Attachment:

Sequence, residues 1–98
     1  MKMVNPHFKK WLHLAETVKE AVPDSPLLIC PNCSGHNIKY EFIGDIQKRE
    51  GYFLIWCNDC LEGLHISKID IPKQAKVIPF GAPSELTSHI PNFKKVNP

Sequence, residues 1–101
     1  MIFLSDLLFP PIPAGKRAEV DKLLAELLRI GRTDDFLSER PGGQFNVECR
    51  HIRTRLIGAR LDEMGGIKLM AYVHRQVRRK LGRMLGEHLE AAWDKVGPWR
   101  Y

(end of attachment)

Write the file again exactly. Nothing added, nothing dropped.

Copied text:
Sequence, residues 1–98
     1  MKMVNPHFKK WLHLAETVKE AVPDSPLLIC PNCSGHNIKY EFIGDIQKRE
    51  GYFLIWCNDC LEGLHISKID IPKQAKVIPF GAPSELTSHI PNFKKVNP

Sequence, residues 1–101
     1  MIFLSDLLFP PIPAGKRAEV DKLLAELLRI GRTDDFLSER PGGQFNVECR
    51  HIRTRLIGAR LDEMGGIKLM AYVHRQVRRK LGRMLGEHLE AAWDKVGPWR
   101  Y